After being closed for two and a half years, a new era dawned at L’Osier together with the opening of the Shiseido Head Office building in 2013. Headed by new chef Olivier Chaignon, L’Osier is pursuing a new value creation to offer invaluable experiences to its customers from all over the world.
In 2005 Bruno Menard was appointed to the position of chef. He took the restaurant in a new “neo-classic” direction that combined traditional French cuisine with the progressive concepts of the era. During this period, L’Osier was awarded three stars in the Michelin Guide Tokyo for three consecutive years, from 2008, when it was first published, until 2010, when the restaurant was closed for its renovation.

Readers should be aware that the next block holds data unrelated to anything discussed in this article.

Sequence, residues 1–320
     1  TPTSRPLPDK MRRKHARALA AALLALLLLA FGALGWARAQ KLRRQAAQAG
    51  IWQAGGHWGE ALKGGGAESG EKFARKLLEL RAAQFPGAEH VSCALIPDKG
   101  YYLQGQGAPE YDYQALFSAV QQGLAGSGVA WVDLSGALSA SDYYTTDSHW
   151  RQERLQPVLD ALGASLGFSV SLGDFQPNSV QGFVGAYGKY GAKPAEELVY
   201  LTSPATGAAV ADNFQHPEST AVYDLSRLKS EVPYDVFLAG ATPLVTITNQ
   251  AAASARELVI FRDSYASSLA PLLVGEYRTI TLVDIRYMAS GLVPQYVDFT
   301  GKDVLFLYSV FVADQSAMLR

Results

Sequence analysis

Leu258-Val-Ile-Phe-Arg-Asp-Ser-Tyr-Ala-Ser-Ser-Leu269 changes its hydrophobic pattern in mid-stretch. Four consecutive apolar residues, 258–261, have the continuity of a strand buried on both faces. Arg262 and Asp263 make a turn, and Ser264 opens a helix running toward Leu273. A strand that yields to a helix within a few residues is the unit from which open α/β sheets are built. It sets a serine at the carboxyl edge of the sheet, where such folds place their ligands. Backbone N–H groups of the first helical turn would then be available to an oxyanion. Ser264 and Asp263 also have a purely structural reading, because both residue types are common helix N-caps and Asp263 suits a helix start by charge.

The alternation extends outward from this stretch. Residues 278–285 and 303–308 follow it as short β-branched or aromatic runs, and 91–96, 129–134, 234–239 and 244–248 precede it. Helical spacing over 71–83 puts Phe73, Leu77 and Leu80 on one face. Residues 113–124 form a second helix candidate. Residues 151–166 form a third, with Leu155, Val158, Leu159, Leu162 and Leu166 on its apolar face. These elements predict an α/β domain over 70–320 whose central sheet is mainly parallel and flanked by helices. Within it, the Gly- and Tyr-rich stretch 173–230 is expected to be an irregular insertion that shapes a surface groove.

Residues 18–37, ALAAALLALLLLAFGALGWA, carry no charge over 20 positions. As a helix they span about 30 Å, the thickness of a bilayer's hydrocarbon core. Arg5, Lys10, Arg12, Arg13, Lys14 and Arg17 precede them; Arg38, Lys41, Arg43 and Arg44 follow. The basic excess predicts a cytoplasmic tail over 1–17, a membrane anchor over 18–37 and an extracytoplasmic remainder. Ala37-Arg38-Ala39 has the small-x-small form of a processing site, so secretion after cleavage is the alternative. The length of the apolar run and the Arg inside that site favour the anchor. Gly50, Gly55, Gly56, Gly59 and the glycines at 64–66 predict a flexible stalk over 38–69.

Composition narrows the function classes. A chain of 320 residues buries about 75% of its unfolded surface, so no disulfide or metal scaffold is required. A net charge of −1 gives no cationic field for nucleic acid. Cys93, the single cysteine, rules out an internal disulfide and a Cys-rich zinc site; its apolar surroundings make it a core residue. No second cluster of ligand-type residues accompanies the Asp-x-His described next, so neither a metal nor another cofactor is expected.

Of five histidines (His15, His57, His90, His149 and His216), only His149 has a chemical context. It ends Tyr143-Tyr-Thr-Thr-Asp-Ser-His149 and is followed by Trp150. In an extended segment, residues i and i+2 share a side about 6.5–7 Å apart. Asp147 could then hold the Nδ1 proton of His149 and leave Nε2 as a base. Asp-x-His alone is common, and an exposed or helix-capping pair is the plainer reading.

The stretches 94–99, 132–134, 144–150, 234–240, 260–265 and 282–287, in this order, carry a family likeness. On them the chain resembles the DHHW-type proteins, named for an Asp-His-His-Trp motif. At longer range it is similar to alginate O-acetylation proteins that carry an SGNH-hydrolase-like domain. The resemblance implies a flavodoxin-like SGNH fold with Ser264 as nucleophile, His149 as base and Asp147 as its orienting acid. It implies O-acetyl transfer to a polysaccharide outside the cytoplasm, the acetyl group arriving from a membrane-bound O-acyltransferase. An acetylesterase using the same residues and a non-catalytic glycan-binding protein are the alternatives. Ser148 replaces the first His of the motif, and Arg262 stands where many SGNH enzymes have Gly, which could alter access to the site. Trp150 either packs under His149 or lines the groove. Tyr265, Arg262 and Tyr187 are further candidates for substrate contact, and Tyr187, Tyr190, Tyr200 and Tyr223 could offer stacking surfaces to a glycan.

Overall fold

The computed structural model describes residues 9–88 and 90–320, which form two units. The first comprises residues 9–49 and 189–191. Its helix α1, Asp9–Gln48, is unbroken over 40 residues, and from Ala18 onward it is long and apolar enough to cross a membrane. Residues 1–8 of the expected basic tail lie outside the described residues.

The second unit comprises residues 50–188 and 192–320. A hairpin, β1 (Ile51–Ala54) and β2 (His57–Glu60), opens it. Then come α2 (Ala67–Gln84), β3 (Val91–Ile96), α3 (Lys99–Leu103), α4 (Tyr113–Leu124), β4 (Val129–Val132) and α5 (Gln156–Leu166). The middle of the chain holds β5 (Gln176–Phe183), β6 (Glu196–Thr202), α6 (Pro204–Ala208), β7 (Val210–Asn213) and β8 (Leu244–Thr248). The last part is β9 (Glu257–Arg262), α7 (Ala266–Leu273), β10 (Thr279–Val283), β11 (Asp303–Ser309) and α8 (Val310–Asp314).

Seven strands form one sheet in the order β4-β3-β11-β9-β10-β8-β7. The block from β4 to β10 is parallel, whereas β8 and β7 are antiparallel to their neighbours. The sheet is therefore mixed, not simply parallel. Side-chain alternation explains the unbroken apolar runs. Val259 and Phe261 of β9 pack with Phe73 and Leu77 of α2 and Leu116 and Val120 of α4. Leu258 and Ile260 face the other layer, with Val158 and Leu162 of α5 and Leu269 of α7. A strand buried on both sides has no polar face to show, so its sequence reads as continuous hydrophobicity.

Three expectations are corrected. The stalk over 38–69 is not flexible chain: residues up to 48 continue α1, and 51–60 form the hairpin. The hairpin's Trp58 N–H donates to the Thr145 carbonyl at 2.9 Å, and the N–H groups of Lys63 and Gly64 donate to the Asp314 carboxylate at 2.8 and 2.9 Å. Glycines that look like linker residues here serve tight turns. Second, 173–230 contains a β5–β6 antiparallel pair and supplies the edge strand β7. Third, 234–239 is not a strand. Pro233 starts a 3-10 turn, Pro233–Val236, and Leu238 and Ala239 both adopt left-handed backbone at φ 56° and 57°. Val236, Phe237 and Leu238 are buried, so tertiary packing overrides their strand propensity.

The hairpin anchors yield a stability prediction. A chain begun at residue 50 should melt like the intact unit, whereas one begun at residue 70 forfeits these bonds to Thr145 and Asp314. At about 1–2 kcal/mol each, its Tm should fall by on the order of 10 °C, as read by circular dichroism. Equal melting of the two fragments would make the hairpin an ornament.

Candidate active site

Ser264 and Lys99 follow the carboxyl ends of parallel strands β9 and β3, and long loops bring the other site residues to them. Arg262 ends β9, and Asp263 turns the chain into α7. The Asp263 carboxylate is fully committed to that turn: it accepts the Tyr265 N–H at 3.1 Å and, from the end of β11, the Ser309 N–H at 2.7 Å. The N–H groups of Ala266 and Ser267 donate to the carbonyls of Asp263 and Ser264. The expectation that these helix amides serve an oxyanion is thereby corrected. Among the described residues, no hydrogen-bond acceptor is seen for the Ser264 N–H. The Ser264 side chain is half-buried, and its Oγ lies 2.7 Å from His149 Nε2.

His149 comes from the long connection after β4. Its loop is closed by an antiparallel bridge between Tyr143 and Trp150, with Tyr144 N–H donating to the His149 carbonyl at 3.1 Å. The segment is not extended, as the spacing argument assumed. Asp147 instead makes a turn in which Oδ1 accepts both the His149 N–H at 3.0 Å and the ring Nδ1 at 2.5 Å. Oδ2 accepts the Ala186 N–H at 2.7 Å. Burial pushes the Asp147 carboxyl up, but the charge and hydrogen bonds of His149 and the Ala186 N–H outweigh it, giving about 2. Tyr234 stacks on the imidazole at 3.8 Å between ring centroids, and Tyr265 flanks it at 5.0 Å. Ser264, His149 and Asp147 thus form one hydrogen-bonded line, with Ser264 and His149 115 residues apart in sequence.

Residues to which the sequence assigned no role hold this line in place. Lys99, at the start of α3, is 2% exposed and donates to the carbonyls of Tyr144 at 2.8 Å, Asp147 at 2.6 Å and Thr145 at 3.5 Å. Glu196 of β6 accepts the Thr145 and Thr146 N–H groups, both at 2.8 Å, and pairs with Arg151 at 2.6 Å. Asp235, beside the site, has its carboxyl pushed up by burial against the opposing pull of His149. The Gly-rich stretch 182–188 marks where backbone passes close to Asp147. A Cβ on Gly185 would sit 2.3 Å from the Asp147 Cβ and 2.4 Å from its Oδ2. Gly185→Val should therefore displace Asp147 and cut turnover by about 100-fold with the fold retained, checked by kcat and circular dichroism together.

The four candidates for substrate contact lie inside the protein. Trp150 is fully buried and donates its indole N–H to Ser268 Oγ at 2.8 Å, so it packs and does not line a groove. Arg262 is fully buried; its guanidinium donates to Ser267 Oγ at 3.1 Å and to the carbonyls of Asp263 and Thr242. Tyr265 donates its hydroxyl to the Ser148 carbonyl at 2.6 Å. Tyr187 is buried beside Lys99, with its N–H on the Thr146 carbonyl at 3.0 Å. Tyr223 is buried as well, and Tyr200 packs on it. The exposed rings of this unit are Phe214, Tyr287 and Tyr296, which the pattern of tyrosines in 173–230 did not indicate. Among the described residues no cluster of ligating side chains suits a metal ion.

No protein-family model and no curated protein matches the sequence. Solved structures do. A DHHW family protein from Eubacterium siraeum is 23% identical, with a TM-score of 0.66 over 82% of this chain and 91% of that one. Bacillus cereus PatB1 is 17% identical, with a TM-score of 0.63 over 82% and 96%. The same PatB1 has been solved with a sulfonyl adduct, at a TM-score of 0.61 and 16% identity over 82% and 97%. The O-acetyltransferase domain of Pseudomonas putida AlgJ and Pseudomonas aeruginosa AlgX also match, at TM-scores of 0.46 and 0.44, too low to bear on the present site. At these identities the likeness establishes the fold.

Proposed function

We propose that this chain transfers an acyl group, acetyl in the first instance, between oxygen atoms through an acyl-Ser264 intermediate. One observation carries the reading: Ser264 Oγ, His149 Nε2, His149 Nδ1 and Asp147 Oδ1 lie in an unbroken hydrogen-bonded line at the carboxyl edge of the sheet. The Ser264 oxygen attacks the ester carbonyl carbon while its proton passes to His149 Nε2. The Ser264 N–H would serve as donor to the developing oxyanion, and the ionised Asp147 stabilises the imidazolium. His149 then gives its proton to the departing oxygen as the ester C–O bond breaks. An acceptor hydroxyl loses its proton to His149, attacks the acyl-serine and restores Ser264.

L’Osier was moved in 1999 to a location facing the renowned high fashion shopping street, Namiki-dori. Starting with a striking entrance, this unique, dramatic space featured an Art Deco-style interior and became a place to experience the atmosphere of Paris in Ginza.
In 1986, Jacques Borie—recipient of the prestigious Meilleur Ouvrier de France award—was welcomed as L’Osier’s chef with the aim of turning it into an even more authentic French restaurant. L’Osier was fully remodeled, from the kitchen to dining room and even including new plates. It became a restaurant in which customers could savor the French “art de vivre” (“way of living”).
L’Osier was opened as a French restaurant on the 7th and 8th floors of the Shiseido Parlour building (Ginza 8-chome) in 1973. The name was inspired by osier, the French word for “willow”—the tree that used to serve as a symbol of Ginza. This was how Shiseido expressed its affection for the town where it was founded.